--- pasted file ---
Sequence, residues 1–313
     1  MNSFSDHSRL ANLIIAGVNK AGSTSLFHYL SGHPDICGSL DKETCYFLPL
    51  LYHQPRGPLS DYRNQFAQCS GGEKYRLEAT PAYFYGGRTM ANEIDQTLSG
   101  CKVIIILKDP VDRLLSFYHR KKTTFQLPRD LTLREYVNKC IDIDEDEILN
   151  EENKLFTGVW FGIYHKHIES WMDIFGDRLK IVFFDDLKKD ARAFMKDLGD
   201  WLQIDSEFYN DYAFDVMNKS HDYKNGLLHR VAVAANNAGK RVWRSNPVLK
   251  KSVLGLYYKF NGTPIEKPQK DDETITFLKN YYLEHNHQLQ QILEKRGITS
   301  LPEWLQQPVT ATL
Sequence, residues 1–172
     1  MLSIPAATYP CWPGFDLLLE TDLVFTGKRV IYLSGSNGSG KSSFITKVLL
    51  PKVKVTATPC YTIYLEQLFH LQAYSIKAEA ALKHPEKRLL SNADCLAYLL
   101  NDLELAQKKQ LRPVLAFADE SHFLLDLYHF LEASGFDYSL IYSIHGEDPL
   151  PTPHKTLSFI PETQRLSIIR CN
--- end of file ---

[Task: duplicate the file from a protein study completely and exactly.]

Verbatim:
Sequence, residues 1–313
     1  MNSFSDHSRL ANLIIAGVNK AGSTSLFHYL SGHPDICGSL DKETCYFLPL
    51  LYHQPRGPLS DYRNQFAQCS GGEKYRLEAT PAYFYGGRTM ANEIDQTLSG
   101  CKVIIILKDP VDRLLSFYHR KKTTFQLPRD LTLREYVNKC IDIDEDEILN
   151  EENKLFTGVW FGIYHKHIES WMDIFGDRLK IVFFDDLKKD ARAFMKDLGD
   201  WLQIDSEFYN DYAFDVMNKS HDYKNGLLHR VAVAANNAGK RVWRSNPVLK
   251  KSVLGLYYKF NGTPIEKPQK DDETITFLKN YYLEHNHQLQ QILEKRGITS
   301  LPEWLQQPVT ATL
Sequence, residues 1–172
     1  MLSIPAATYP CWPGFDLLLE TDLVFTGKRV IYLSGSNGSG KSSFITKVLL
    51  PKVKVTATPC YTIYLEQLFH LQAYSIKAEA ALKHPEKRLL SNADCLAYLL
   101  NDLELAQKKQ LRPVLAFADE SHFLLDLYHF LEASGFDYSL IYSIHGEDPL
   151  PTPHKTLSFI PETQRLSIIR CN